Figure 3: Stability of graphene-protected SPR.
Figure 3

(a) Spectral dependence of the SPR measured at 49° in air for freshly fabricated unprotected Cu (black curve), Cu protected with a single graphene layer (red) and Cu with a double layer protection (blue). The Cu thickness d = 43.5 nm. The inset shows results of our modelling for this experiment. (b) Fresh unprotected sample in contact with water. (c) Same as (b) after 24 hours in water. (d) Graphene-protected sample in water after half a year. A large SPR shift compared to (b) is connected with the usage of SPR resonance of longer wavelengths which becomes more pronounced after graphene transfer. (e) SPR ellipsometric reflection for a fresh unprotected silver film (d = 60 nm). (f) The same film covered with graphene.

Suitability of graphene-protected plasmonics for bio-sensing

The main applications of SPR lie in biosensing which necessitates a wet environment. Therefore, it is important to check that graphene is able to protect Cu films in water. Figure 3(b) shows a SPR curve for an unprotected film measured in water immediately after evaporation. The SPR is observed at at θR = 60° and λR = 664 nm (n = 1.8 in this case). The unprotected copper corrodes quicker in water than air, and the SPR notably degrades in just 24 hours; see Fig. 3(c). One can see that Ψmin increases from 1° to 21° and Q drops from 19 to 9.5. On the contrary, graphene-protected films do not show deterioration in plasmonic properties in water over the whole period of our studies. Figure 3(d) shows the typical SPR curves measured in water for a Cu film protected by a single layer of graphene. In water, graphene yields a red-shift of 115 nm (which is connected with the usage of SPR resonance of longer wavelengths that becomes more pronounced after graphene transfer) with a simultaneous decrease in Q. At the same time, the minimum reflection in the SPR curve drops to Ψmin = 0.3°. These changes can be well described by the Fresnel theory taking into account partial oxidation of the Cu films (see the inset of Fig. 3(a), Fig. 4(c) and Methods).

Figure 4: Sensitivity of copper SPR.
Figure 4

(a) SPR curves at different levels of graphene hydrogenation. (b) Spectral dependence of the ellipsometric phase Δ for different hydrogenation levels. The inset shows the corresponding Raman spectra. (c) SPR curves in two different liquids. The coupling prism has refractive index n = 1.8. The inset shows results of our modelling for (c). (d) The spectral dependence of the phase for the two liquids.

Graphene protection of silver for SPR applications

The success of using graphene as a protective layer for Cu poses the obvious question whether graphene coating can be employed for other metals. For example, silver is well known as one of the best possible plasmonic materials11 but it also notoriously known for its fast oxidation and degradation. There were earlier attempts to apply graphene coating to safeguard plasmonic response of silver32 which found that the SPR response is stable in time but unfortunately it is also mediocre. We have identified the reason for the invasive influence of graphene which lies with a graphene transfer protocol and developed a new graphene transfer procedure which solved this problem (see Methods). As a result, we were able to protect Ag films with graphene without deteriorating the plasmonic properties of silver. Figures 3(e) and (f) show SPR curves for a fresh Ag film and an Ag film covered with a monolayer of CVD graphene, respectively. One can see that graphene does not deteriorate the excellent SPR response of silver: the resonance minimum changes from Ψmin = 0.3° for the freshly prepared Ag film, see Fig. 3(e), to Ψmin = 0.7° for graphene-protected Ag film, Fig. 3(f). We briefly compare the plasmon propagation length in Au, and graphene-protected Cu, Ag. Using optical constants extracted from ellipsometry, we estimate the following numbers for the propagation length assuming that the films are completely flat: Au – 11.9 μm, Cu – 8.2 μm and Ag – 21.2 μm at the wavelength of 630 nm. The morphology of the films reduces these numbers to about 3–4 μm for our Au and graphene-protected Cu, while the propagation length is about 10 μm for Ag.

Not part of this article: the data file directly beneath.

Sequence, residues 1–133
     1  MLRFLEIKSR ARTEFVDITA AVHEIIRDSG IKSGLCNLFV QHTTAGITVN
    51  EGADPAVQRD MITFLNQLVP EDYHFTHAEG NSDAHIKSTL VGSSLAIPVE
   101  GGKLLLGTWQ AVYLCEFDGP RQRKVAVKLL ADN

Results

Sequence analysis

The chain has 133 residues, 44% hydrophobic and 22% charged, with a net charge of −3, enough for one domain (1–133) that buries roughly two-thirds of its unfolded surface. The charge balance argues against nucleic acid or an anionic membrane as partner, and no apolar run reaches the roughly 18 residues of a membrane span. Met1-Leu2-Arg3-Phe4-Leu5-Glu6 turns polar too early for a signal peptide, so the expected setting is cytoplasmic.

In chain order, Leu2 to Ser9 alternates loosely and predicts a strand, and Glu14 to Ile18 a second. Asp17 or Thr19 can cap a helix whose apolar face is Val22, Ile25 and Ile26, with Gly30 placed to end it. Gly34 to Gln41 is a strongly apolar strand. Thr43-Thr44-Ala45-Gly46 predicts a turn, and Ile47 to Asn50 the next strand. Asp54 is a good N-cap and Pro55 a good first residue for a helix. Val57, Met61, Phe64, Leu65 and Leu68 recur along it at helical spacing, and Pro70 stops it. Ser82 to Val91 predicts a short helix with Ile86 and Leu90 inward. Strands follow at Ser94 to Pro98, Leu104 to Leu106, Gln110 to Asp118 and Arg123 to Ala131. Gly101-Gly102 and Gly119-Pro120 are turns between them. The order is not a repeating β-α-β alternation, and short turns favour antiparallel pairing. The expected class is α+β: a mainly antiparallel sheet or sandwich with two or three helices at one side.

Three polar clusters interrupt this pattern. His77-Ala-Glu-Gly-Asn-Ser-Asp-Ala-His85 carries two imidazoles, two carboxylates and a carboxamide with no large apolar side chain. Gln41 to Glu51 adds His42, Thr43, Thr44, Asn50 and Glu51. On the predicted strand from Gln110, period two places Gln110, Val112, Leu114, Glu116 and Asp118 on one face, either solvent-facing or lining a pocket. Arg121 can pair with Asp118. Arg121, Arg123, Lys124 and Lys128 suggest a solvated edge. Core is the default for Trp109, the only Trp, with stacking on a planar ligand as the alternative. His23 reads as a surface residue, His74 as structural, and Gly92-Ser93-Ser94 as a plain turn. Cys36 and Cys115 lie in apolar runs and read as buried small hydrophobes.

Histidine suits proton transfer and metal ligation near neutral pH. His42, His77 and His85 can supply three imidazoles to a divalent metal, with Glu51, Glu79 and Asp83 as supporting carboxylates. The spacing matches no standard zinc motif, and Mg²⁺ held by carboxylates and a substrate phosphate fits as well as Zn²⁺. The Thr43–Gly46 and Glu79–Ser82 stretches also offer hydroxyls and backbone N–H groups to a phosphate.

SPR sensitivity of graphene-protected plasmonics measured with the help of graphene hydrogenation

Having established that graphene coatings efficiently protect plasmonic properties of copper and silver films, we have measured sensitivity of our SPR devices to binding chemicals, which is one of the most important parameters for applications. To this end, we have chosen to use reversible graphene hydrogenation (Methods). Sensitivity to local environment (local refractive index) was also studied by utilizing glycerol-water mixtures. Figs 4(a) and (b) show evolution of ellipsometric parameters when samples were exposed to atomic hydrogen, which led to partial hydrogenation of the graphene layer. The hydrogenation ratio was monitored by Raman spectroscopy [inset of Fig. 4(b)] through the ratio of the intensity of the G and D peaks7. The hydrogenation level after 30 min of the exposure was ≈17% which corresponds to the areal mass density σ of adsorbed hydrogen of ~10 pg/mm2. Accordingly, the mass sensitivity of our graphene-protected SPR sensor was δλ/σ ~0.15 nm and δΔ/σ ~30° per pg/cm2 in terms of wavelength and phase measurements, respectively. Assuming a minimal detectable phase shift of 5 × 10−3 degrees33, we obtain the minimal detectable adsorbed mass of ~0.2 fg/mm2. This detection limit is similar to that of plasmonic metamaterials with topological darkness7 and is 4 orders of magnitude better than the sensitivity achieved for gold-based plasmonics6.